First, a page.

Sunday, January 21, 2018

On permanent repercussions

When Trent Wotherspoon first announced that he was considering pursuing the Saskatchewan NDP's permanent leadership, I pointed out some of my concerns about how his previous tenure as interim leader - when he was elected after offering his assurance that he wouldn't seek the permanent position - might result in question marks over the leadership campaign. 

Now, a prime example of the problem with Wotherspoon's about-face has turned into a campaign flashpoint, as the administrators of the Save Saskatchewan Libraries group have issued an endorsement of Wotherspoon which couldn't be any more closely tied to his role as interim leader.

To be clear, I don't take issue with the administrators themselves taking a position in the NDP's leadership campaign.

The NDP should be eager to hear new voices participating in the leadership campaign, particularly ones who have so effectively marshaled widespread support for Saskatchewan's key public institutions. And the fact that a group was generally intended to be non-partisan doesn't mean its administrators should have any hesitation in applying their experience and opinions to the leadership campaign.

But that's an entirely separate issue from the need for fairness in the leadership campaign itself. And to see how that's been affected, here's Christine Freethy's own account as to how she came to endorse Wotherspoon:
I literally GOOGLED “Saskatchewan NDP” and said to the first person who answered the phone “I am running that library facebook group and I think you guys need to get your shit together and help us” Later that day was the first time I ever talked to Trent Wotherspoon.

At the time, Trent Wotherspoon was interim leader. And I am a political nobody who lives in Rabbit Lake. But he had seen the group and was plugged in enough with Carla Beck and the staff to know I was reaching out. I told him my plan - a non-partisan movement to bring attention to the library cut and force Brad Wall to reverse his decision. Trent listened and said “What can I and the NDP do to help your group?”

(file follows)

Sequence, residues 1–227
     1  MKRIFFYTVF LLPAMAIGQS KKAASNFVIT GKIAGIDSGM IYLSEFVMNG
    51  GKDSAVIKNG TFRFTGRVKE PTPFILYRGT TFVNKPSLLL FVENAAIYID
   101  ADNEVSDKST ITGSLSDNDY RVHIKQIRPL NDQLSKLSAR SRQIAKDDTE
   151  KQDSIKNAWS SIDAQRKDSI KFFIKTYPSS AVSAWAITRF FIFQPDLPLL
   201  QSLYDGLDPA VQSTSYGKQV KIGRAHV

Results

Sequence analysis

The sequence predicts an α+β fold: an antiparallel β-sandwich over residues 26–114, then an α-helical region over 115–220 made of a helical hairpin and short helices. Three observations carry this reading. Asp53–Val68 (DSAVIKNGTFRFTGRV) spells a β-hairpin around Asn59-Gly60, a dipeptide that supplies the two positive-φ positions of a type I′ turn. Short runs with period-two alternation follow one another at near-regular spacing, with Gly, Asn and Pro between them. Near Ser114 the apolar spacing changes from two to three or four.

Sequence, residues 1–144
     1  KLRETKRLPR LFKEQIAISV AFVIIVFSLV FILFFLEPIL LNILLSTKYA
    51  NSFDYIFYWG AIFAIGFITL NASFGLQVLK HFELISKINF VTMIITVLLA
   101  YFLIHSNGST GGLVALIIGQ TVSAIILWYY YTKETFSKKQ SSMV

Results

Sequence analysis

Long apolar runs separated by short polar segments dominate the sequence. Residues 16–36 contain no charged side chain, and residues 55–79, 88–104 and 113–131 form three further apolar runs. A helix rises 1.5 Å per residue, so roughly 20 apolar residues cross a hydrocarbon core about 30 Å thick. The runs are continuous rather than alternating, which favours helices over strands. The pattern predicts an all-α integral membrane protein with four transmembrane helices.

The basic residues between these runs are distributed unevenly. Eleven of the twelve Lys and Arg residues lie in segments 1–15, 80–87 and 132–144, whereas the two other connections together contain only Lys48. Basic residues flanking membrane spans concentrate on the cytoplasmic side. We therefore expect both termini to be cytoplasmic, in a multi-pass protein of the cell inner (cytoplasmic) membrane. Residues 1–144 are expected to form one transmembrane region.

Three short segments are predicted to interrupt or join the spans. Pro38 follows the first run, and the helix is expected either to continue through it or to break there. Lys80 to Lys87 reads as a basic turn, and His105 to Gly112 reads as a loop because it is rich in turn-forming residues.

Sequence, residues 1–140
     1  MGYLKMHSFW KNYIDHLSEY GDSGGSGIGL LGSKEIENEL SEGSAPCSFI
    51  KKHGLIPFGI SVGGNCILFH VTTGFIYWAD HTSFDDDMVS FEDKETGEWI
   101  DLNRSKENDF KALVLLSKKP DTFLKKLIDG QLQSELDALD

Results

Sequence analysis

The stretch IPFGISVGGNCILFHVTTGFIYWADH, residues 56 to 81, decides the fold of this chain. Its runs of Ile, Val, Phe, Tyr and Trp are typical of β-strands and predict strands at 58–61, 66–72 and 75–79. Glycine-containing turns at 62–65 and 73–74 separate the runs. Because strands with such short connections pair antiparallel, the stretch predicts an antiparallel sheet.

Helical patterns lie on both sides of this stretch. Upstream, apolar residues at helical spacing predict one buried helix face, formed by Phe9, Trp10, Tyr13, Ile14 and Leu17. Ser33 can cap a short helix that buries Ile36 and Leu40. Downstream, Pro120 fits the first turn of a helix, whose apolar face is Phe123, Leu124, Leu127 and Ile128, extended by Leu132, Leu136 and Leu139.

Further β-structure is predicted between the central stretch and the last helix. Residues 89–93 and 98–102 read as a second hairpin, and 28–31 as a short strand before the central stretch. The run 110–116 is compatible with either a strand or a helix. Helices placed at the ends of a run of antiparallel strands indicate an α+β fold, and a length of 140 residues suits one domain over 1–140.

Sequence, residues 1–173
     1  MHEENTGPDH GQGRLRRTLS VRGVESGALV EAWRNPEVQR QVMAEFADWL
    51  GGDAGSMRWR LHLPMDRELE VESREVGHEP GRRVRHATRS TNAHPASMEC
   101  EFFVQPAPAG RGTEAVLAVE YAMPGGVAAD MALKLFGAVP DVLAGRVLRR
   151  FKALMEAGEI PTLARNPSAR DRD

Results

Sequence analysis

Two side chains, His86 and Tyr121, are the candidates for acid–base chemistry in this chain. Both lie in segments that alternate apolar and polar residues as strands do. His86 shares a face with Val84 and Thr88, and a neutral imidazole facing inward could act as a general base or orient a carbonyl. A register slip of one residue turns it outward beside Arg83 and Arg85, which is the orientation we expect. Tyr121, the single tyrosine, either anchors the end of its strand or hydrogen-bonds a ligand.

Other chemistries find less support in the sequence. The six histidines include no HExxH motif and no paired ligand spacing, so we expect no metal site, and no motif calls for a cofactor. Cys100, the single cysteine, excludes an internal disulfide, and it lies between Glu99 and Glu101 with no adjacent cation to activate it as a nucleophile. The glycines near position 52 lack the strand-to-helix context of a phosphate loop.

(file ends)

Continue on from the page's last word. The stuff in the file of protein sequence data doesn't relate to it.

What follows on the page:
Needless to say, there's little reason to think Ryan Meili (or any other person who might plausibly have held a leadership position) would have done any differently given the opportunity. But only Wotherspoon enjoyed that. 

Because Wotherspoon was in the interim leader role based in part on his promise not to seek the permanent leadership, he was charged with leading the NDP's communication with Freethy, with the party's staff assisting him in that effort. And he was thus able to build a close relationship with an outside group which was doing widespread organizing complementary to that of the party - resulting in an endorsement which reached a wide range of actual and potential members just in time for the membership deadline.

There may not be much which can be done to alleviate that gap now. But in comparing the candidates, the NDP's members will need to test their own impressions of Wotherspoon to see how they might reflect the advantage he captured in the interim role. And there may be significant legitimacy issues for the party as a whole if the race ends up turning on a candidate's gaining an advantage from a broken promise.

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